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The First Tortilla: A Bilingual Story



Last updated Thursday, January 8, 2009

Author: Rudolfo Anaya
Date of Publication: 2007
ISBN: 0826342140
Grade Level: 3rd    (GLCs: Click here for grade level guidelines.)
Date(s) Used: Jan. 2009

Synopsis: The First Tortilla is a moving, bilingual story of courage and discovery. A small Mexican village is near starvation. There is no rain, and the bean and squash plants are dying. Jade, a young village girl, is told by a blue hummingbird to take a gift to the Mountain Spirit. Then it will send the needed rain. Burning lava threatens her, but Jade reaches the top of the volcano. The Mountain Spirit is pleased. It allows the ants in a nearby cave to share their corn with Jade. The corn was sweet and delicious and Jade took some back to save the village. Jade grinds the dry corn, adds water, and makes dough. She pats the masa and places it on hot stones near the fire. She has made the first tortilla. Soon the making of corn tortillas spreads throughout Mexico and beyond.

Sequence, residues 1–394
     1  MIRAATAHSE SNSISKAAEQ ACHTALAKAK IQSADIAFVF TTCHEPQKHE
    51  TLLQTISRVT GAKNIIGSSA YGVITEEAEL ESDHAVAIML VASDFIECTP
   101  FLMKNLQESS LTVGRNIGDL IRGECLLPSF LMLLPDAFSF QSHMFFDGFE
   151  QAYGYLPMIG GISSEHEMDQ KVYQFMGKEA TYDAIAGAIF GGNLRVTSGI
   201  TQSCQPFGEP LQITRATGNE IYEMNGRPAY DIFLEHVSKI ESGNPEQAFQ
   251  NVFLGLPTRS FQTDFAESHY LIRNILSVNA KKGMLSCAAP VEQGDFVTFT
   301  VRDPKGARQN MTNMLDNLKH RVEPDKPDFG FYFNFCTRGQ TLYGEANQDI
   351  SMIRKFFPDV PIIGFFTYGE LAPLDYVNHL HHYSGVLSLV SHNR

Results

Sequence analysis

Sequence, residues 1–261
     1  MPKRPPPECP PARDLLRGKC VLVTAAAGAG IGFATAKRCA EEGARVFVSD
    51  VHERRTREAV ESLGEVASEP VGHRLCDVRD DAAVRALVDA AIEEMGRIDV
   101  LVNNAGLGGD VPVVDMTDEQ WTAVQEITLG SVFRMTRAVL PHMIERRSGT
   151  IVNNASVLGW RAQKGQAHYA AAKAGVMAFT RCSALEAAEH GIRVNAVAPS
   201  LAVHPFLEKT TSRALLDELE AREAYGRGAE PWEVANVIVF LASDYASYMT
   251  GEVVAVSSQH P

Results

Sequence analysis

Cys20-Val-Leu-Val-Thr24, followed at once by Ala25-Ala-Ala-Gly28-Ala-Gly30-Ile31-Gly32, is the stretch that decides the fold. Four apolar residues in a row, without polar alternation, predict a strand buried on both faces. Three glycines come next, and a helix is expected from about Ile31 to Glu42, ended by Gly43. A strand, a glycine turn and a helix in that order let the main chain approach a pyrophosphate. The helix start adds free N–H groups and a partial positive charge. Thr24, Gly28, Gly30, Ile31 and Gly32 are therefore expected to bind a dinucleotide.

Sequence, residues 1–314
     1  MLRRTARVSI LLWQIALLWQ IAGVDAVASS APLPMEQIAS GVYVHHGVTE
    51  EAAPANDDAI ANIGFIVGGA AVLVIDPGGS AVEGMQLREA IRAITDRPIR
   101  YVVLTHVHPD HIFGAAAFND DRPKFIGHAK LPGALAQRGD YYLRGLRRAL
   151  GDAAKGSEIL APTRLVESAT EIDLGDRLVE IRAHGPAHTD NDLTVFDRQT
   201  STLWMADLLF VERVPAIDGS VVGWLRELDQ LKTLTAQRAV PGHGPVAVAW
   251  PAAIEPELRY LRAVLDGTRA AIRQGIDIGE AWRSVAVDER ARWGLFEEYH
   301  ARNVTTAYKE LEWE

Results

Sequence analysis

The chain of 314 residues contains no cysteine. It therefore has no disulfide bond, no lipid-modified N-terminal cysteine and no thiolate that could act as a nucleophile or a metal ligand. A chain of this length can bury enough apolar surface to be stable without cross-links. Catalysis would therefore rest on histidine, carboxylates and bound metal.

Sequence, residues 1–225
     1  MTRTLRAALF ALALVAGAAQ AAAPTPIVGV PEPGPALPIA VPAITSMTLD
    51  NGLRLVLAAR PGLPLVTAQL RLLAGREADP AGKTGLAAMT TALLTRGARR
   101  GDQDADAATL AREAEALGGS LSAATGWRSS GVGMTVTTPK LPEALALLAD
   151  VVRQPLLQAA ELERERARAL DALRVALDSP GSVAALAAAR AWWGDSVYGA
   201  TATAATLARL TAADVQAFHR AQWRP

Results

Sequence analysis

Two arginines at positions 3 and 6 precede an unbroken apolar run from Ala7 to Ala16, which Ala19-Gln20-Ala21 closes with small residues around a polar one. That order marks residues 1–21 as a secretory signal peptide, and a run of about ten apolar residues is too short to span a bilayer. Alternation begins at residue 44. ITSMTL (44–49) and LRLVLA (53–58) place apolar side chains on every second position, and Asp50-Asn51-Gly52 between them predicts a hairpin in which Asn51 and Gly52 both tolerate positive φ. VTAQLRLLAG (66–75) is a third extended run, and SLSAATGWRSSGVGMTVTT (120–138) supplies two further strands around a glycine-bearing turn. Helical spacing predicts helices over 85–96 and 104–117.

Note to readers:
•  Read only English

Discussion topics for before reading:
•  What's on the cover?
•  What is the girl holding? Vocabulary:
•  Metate: a stone and slab used to crush grains
•  Rebozo: a shawl
•  Elote: corn
•  Masa: dough
•  Tortilla: Mexican flat bread

Discussion topics for during/after reading:
•  Do you think it's really the hummingbird talking to Jade?
•  Why is the rain important?
•  Do you think Jade might be dreaming?
•  When do you think this story happened?
•  (Read the author's background of the legend of corn)

Craft ideas:
•  Make a colorful mask of the Mountain Spirit. Use bright colors, circles, shapes and other items. Attach with string or glue to popsicle stick.
•  Make a mosaic picture. A mosaic is an item made by inlaying small pieces of variously colored materials to form pictures or patterns. Pre-cut different shapes and colors out of construction paper. Glue the different shapes or items to a piece of construction paper to create a mosaic.

*Note: These craft ideas are just suggestions. You can use them, but you don’t have to use them. You can expand upon them, or add your own twist. Remember, though, that the focus of your time should not be on the development and execution of a craft; the focus should be on the read-aloud and the enjoyment of the book!